A quick note that I should’ve mentioned in my last reply: of course it makes sense to exploit the category hierarchy as much as possible when annotating — e.g. annotate for the top of your hierarchy first, and then annotate within a node of the hierarchy once you have that label. But the way you annotate doesn’t have to match the way you run your classifier once you have a batch of annotations.
See how you go – possibly it’s a bit slow. I would always recommend getting your stuff wired up end-to-end before fiddling with things like the label hierarchy — you’ll at least get predictions if you flatten it out, and you can work on improving the accuracy once you have everything connected.
Once you’re tuning, you’ll probably want to export data from Prodigy and train other text classifiers e.g. from Scikit-Learn. I think Vowpal Wabbit has support for hierarchical classification schemes, and it’s super fast. You can export the annotations with
prodigy db-out <dataset name>. This will give you the data in a jsonl format. Scikit-Learn in particular is really great for sanity-checking. You can train some simple bag-of-words models to get a baseline, and figure out whether something’s not right.
Yes. The good news is Thinc is designed to make this sort of thing pretty easily…The bad news is there’s no real documentation, and the API is unstable. You could also just use Tensorflow or PyTorch if you wanted to write a different model yourself.
Here’s a quick example of what things would look like in Thinc. The main thing to understand is that Thinc takes a very “functional programming” view of the problem of wiring neural networks together. A model is just a function that can return a callback to do the backward pass. Then we write other functions to compose these models.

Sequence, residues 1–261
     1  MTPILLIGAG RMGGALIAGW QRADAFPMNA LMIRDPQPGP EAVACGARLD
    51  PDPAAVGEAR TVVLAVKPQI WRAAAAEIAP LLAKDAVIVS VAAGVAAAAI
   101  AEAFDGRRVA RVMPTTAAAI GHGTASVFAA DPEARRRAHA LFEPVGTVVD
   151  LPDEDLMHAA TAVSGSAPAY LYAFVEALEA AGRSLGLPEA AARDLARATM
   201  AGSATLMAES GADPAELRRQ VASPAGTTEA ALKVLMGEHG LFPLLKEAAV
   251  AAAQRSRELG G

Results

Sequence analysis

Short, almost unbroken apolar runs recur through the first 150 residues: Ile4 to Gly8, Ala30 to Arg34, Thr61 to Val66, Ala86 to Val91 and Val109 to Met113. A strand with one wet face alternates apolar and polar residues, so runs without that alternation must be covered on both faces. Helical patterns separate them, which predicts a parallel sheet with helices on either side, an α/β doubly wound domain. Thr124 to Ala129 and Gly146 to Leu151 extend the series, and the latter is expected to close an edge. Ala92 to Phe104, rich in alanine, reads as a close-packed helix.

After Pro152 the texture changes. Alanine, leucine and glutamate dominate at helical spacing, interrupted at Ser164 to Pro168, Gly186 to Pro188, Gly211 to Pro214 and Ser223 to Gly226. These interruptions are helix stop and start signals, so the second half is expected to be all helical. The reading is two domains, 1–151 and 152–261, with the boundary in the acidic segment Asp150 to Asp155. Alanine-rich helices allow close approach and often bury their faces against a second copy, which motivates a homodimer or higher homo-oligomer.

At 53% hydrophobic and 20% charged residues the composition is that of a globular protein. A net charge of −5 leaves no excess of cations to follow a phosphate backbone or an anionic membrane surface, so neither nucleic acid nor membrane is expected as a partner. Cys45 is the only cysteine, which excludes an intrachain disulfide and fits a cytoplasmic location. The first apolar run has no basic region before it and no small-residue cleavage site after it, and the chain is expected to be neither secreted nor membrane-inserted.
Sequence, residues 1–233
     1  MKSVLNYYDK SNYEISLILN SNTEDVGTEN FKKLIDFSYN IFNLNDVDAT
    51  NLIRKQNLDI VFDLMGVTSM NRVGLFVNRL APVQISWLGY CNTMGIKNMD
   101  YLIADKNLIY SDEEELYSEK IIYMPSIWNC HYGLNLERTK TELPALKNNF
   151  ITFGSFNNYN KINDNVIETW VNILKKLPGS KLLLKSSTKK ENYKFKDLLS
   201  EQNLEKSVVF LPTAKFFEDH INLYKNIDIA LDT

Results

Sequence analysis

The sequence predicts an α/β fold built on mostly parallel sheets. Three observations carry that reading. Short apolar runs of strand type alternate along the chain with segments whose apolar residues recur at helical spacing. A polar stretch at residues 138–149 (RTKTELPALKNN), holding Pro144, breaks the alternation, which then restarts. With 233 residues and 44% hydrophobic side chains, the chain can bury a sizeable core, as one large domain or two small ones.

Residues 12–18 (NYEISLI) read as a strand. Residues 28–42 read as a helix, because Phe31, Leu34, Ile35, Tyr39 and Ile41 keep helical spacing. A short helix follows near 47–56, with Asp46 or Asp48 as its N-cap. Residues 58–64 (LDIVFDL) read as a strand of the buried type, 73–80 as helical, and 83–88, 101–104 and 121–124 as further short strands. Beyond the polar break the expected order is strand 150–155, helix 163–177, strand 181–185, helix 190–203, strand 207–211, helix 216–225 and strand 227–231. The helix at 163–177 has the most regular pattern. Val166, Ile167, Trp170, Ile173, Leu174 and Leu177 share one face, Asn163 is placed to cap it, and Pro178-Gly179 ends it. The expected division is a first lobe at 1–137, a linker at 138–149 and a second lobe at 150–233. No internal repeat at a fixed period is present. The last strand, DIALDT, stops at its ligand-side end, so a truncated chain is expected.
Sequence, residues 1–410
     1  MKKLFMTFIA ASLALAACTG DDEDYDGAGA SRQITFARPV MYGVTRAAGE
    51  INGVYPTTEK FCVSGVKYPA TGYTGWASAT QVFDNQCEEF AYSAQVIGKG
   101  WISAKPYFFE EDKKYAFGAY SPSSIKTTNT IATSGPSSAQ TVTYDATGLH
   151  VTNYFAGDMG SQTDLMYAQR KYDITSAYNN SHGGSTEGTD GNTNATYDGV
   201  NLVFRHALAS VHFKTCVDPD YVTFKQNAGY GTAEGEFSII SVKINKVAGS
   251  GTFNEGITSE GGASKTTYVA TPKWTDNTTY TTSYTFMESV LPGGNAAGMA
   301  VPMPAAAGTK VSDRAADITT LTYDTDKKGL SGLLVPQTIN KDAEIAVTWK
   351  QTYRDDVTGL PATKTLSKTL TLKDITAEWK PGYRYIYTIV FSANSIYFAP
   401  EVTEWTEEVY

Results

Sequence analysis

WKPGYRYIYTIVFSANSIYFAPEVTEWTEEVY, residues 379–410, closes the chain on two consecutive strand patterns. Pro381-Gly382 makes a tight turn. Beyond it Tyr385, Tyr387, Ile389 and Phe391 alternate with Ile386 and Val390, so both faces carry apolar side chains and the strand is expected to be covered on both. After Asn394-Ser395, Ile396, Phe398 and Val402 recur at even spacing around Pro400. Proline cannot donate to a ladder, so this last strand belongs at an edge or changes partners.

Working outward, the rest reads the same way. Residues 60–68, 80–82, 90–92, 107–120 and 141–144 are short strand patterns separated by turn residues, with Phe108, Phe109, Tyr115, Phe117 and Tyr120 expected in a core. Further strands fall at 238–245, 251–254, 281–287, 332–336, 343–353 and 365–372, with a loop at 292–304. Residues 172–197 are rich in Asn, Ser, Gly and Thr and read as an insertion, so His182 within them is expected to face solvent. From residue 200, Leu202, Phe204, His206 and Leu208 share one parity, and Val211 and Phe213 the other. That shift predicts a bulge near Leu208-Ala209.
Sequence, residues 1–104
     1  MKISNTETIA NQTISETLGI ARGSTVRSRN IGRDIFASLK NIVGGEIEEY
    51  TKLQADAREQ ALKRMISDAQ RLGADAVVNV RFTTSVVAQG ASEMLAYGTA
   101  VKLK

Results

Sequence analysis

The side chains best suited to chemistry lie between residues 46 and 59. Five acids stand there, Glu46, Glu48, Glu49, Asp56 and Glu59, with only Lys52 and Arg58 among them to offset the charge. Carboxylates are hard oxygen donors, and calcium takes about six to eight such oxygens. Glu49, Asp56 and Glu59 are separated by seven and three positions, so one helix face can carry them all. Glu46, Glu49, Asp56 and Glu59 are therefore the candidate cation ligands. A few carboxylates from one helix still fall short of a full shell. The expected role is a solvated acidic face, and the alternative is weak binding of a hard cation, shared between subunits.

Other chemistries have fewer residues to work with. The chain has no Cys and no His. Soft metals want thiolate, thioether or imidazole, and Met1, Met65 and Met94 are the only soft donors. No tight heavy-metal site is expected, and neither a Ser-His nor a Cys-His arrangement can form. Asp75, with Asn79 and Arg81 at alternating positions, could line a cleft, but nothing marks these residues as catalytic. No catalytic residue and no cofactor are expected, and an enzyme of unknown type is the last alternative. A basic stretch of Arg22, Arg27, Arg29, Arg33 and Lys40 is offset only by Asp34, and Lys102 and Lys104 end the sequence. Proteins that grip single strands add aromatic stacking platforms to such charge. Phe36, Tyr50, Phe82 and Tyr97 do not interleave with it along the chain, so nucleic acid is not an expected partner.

Let’s say we want to have some model feed-forward into three separate output layers. The function to compose them would look like this:
# Note: Example code that I have not run.
from thinc.api import wrap
def multiplex(lower_layer, output_layers):
''''Connect a lower layer to multiple outputs. The resulting layer outputs a tuple of values, and expects a tuple of gradients.'''
def multiplex_forward(inputs, drop=0.):
'''Perform the forward pass, and return a callback to complete the backward pass.'''
hidden, get_d_inputs = lower_layer.begin_update(inputs, drop=drop)
outputs = 
get_d_hiddens = 
for output_layer in output_layers:
output, get_d_hidden = output_layer.begin_update(hidden, drop=drop)
def multiplex_backward(d_outputs, sgd=None):
'''Callback to complete the backward pass. Expects the gradient w.r.t. the outputs,
and a callable, 'sgd', which is the optimizer.'''
d_hidden = get_d_hiddens(d_outputs, sgd=sgd)
for d_output, get_d_hidden in zip(d_outputs[1:], get_d_hiddens[1:]):
d_hidden += get_d_hidden(d_output, sgd=sgd)
d_inputs = get_d_inputs(d_hidden)
return outputs, multiplex_backward
# Turns our function into a thinc.model.Model instance, and remembers its sublayers (for serialization etc)
model = wrap(multiplex_forward, [lower_layer] + outputs)
I haven’t run that, so it’s probably full of bugs — but it should be roughly what you would need to do. Logically, if you connect 3 output layers to some input layer, the gradients from those output layers get summed to compute the gradient to feed back to the input. (It might be tempted to weight that sum, if some output is less important than another. This can work, but equivalently you can just weight the loss function producing the gradients that are flowing down. This should give you the same thing, while being a bit cleaner and easier to describe.)